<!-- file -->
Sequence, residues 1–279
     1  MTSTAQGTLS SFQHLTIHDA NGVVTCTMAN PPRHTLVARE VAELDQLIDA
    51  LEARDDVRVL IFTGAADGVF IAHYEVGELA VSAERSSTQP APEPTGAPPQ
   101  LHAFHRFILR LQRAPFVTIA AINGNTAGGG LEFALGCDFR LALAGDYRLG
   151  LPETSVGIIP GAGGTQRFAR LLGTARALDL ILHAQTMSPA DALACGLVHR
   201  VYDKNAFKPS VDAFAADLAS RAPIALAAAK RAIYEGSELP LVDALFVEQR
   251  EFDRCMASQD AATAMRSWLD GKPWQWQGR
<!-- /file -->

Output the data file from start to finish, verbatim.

Sequence, residues 1–279
     1  MTSTAQGTLS SFQHLTIHDA NGVVTCTMAN PPRHTLVARE VAELDQLIDA
    51  LEARDDVRVL IFTGAADGVF IAHYEVGELA VSAERSSTQP APEPTGAPPQ
   101  LHAFHRFILR LQRAPFVTIA AINGNTAGGG LEFALGCDFR LALAGDYRLG
   151  LPETSVGIIP GAGGTQRFAR LLGTARALDL ILHAQTMSPA DALACGLVHR
   201  VYDKNAFKPS VDAFAADLAS RAPIALAAAK RAIYEGSELP LVDALFVEQR
   251  EFDRCMASQD AATAMRSWLD GKPWQWQGR